The amazing meetups continued. During the conference I kept meeting two English chaps in the conference hall foyer. We would chat as we waited for the bus back to the hotel. Later I would find out that they travel to Bangladesh and build prosthetic limbs out of old drain pipes for the amputees there. Riding in a taxi with these doctors, Matthew Walton and Zaamin Hussain, to the Museum of Islamic Art, the taxi driver who was from Bangladesh mentioned to that he knew of their work. This is the kind of impact that these two were making.
On that same taxi ride, I got to know Aditya Soma, executive director of Worldview Education. He was actually sitting in the front of the taxi translating what the taxi driver was saying about Matt and Zaamin. As I learned more about Aditya, I was impressed by his work to ignite the students of India to take action on the SDGs. The MUN students with whom he works are to be so much more than delegates, but to be advocates, mentors, and organizers involved in service. He mentioned to me how, though MUN can be an expensive endeavour leaving out some for financial reasons, he is working to make MUN freely accessed in India.
There were so many more people I was honoured to meet. I was able to spend time with Ugbad Kasim who works with the World Food Program in Somolia. She shared at the conference of the difficulties her and her 7 sisters faced to receive an education growing up in Somalia and the sacrifices her mother made to ensure that her and her sisters were able to go to school. I spent time to with Gilberto Duarte, Crime Prevention and Criminal Justice Officer at the UNODC in Vienna, and Reinhardt Smit who works to recycle end-of-life mobile phones from Africa and Asia. Even the young man who was making sure we all got on to the bus, Kudzai Mukaratirwa, was actually Director of THIMUN OMUN leading a team of 28 high school and university students from around the world to run the Online Model United Nations program.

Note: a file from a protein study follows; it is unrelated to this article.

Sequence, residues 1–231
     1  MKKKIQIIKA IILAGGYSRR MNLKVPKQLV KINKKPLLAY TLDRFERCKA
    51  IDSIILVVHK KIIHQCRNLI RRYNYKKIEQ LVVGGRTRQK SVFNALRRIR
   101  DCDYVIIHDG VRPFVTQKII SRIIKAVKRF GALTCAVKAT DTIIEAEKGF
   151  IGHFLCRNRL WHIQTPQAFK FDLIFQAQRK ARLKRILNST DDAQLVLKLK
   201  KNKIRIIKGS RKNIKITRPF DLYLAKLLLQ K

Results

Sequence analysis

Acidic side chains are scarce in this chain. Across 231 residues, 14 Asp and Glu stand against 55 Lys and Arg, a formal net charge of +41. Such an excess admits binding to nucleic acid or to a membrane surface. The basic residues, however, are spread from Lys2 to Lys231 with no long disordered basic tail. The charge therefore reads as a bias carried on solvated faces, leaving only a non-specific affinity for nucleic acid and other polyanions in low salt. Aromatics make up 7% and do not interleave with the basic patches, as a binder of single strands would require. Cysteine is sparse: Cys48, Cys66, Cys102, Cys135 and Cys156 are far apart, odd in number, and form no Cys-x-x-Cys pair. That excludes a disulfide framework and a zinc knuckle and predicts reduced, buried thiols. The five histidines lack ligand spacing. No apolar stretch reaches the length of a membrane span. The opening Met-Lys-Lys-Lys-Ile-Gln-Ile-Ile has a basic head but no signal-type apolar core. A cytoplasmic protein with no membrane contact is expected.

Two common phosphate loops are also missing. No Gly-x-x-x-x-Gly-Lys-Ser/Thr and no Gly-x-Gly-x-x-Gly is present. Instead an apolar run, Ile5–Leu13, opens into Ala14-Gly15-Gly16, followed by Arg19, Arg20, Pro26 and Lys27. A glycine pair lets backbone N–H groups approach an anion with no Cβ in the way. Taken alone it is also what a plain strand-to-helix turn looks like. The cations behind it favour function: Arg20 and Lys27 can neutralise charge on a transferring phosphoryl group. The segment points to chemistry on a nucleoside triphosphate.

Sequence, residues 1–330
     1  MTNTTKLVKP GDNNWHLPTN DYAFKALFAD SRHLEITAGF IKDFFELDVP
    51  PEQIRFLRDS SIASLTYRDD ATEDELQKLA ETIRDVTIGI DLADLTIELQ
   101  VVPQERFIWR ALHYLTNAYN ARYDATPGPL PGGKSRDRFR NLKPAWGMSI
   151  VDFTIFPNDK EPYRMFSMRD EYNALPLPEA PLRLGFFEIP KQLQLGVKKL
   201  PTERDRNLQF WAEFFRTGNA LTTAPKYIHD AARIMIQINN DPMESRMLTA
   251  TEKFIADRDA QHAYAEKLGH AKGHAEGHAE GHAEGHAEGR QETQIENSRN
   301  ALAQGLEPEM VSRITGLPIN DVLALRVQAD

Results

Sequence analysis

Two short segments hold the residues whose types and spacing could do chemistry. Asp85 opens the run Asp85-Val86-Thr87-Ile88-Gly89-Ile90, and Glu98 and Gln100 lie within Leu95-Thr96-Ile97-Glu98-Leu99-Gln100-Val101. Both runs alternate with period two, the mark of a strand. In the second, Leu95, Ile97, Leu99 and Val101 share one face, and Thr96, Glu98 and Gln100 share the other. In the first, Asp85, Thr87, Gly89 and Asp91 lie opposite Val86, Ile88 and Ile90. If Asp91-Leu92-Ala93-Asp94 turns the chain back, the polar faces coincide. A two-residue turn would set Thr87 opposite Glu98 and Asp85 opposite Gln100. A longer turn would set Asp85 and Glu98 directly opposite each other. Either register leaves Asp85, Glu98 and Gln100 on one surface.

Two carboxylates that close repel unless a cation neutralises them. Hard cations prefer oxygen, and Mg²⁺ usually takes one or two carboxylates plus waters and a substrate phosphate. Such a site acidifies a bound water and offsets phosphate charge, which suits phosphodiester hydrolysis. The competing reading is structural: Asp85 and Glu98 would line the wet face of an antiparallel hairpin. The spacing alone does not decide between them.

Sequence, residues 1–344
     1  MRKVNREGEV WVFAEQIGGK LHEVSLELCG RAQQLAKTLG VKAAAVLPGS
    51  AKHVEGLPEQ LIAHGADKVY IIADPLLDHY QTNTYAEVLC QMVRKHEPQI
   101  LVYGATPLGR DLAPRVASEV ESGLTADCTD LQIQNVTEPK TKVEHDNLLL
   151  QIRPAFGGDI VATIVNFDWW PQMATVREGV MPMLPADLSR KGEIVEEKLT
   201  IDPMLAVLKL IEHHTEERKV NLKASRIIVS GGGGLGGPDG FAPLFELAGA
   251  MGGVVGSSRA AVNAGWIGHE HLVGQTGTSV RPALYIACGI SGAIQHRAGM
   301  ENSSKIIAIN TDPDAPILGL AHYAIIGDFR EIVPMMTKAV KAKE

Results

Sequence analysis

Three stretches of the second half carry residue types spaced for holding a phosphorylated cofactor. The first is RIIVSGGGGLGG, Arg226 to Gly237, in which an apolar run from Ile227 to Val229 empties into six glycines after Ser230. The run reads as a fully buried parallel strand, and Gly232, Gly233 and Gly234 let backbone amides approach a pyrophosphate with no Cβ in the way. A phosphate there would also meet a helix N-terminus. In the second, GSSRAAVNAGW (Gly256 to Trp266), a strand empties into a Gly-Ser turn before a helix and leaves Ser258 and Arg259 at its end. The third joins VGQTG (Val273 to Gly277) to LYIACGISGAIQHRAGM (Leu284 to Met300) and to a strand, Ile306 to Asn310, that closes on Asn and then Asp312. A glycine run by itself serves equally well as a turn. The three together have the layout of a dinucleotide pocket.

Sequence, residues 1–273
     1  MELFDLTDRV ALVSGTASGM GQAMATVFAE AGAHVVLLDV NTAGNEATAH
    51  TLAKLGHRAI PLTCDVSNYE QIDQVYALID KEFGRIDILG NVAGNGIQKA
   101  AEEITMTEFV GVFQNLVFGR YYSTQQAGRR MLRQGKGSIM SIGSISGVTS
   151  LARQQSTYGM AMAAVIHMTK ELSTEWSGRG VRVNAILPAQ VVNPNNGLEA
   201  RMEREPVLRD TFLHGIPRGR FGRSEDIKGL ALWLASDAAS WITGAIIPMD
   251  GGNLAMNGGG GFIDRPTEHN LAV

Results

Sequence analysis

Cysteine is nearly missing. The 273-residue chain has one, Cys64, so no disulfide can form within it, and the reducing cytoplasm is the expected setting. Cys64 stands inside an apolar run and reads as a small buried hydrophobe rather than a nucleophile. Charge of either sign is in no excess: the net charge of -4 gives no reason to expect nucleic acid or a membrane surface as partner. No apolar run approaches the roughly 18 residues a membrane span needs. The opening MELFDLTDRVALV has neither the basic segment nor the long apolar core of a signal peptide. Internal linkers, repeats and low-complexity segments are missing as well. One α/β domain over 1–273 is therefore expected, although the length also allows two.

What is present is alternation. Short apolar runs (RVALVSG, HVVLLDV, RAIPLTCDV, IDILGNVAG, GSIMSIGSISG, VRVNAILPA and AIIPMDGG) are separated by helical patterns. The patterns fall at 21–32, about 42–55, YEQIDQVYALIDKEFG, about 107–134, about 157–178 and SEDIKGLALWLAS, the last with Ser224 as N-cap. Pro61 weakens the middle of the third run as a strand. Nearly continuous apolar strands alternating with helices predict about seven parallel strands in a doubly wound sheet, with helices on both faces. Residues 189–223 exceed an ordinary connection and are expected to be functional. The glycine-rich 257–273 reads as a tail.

These are just a few of the scores of individuals that gathered in Doha, Qatar to share with the student attendees. Throughout the conference, I sensed that I was in the company of like-minded individuals. I began to realize that I wasn’t there to speak action into MUN, but to add my voice to the growing choir. The voices were there, they were simply needing to align, to sing in harmony. Toward the end of the conference, Lisa brought us together to do just that. The conversation at her SDGs Discussion workshop and the ensuing Thought Leaders Summit revolved around the question: “How do we utilize the power of MUN to make an impact?” Through these discussions, MUNimpact was formed: a collective of world changers devoted to igniting and celebrating MUN impact—both in the individual and the community.
The influence of this new offering has already rippled across the globe: a new website, a social media presence, stories of impact, and students and educators wanting to join in. I am excited to see where this goes as we explore the power of gathering the passionate. I am honoured to be numbered a part of this group and in awe of what has and what can be accomplished through us.